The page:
Add i18n and manage translations of a Vue.js powered website

Dobromir Hristov
Published in
6 min readJun 28, 2018


Vue + Vue Router + Vue-i18n +

Setting up a Vue.js website with internationalization (i18n) support sounds daunting at first, but it’s actually easier than one might think. For this tutorial we will be using VueI18n, a great package by one of the Vue core team devs.


Checkout the vue-i18n-starter repo for a simplified Vue app with i18n support.

Initial setup

You need to do two main steps:

  1. Instantiate the plugin by providing a default locale, a fallback and an object containing all the translation strings.
Setup i18n

2. Tell our App about that instance

Pass i18n instance to Vue app

That’s all it takes to have the app i18n ready. Now you can just use {{ $t(‘hello’) }} inside Vue component templates and you will get Hello.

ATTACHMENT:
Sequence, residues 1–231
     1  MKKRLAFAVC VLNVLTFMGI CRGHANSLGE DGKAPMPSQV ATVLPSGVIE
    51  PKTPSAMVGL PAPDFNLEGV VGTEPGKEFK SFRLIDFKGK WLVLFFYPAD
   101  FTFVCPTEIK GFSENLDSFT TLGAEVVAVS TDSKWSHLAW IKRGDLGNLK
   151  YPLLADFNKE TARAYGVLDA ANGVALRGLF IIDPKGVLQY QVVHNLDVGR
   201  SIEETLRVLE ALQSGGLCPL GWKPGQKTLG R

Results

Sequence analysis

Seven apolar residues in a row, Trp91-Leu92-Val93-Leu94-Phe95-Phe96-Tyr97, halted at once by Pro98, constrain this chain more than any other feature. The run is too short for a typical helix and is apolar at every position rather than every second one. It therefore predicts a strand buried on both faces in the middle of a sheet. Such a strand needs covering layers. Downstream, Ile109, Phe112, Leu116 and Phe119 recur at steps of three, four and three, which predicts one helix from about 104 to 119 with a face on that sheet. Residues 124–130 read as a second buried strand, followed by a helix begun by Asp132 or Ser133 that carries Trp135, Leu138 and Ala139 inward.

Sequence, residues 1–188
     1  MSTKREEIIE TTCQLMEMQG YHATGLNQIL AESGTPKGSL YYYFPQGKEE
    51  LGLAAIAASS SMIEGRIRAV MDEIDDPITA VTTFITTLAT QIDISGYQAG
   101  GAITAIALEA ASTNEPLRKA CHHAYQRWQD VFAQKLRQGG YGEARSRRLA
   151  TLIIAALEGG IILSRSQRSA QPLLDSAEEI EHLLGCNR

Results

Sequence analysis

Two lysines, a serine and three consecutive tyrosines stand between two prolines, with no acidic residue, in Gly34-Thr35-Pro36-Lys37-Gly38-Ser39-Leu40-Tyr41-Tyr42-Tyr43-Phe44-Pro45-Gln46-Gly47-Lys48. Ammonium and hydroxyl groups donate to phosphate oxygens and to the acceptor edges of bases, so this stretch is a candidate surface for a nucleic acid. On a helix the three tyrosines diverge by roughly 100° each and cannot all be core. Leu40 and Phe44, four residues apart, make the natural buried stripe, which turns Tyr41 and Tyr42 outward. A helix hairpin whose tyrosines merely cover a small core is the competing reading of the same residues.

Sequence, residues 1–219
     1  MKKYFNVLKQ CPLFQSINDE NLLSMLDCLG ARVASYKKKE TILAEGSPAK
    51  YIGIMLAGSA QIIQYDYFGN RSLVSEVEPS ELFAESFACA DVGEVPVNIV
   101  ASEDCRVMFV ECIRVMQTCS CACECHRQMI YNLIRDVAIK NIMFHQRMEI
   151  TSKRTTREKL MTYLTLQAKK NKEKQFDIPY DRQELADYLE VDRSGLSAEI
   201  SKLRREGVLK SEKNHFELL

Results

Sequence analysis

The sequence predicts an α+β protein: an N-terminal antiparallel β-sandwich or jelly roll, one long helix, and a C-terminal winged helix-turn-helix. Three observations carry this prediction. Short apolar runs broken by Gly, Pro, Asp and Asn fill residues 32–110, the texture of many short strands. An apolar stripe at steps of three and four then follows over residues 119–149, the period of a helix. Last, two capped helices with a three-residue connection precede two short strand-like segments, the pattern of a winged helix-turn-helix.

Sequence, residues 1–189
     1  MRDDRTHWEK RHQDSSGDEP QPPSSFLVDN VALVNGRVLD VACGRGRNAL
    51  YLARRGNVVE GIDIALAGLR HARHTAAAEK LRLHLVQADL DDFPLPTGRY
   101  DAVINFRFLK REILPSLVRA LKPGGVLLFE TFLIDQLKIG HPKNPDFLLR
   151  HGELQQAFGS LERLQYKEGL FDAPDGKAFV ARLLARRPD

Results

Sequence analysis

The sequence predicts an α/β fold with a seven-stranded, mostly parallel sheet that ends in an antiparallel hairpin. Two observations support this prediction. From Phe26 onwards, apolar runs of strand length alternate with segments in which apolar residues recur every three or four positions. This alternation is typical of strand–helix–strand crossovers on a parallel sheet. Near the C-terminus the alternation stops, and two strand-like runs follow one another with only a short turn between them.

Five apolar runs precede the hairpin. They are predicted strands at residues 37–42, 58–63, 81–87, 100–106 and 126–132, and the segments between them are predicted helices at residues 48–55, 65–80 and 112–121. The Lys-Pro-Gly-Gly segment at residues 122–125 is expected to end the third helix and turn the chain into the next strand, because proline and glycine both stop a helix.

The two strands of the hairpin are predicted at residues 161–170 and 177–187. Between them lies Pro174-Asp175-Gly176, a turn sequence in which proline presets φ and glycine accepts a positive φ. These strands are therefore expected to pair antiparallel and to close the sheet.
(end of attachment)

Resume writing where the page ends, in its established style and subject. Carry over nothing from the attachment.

Changing the language

Changing the language is as simple as setting locale in the $i18n property on the Vue instance.

this.$i18n.locale = 'fr'

Now it should display hello in the language you just set, in this case french.

The actual format of the locale does not matter, as it will just search for the same key in the messages object, you can have pt_BR, pt-br, pt_br etc.

If you set a language that is not loaded in the messages, it will show the fallback language’s translation. If the translation is not available in the fallback it will just return the key, in this case hello.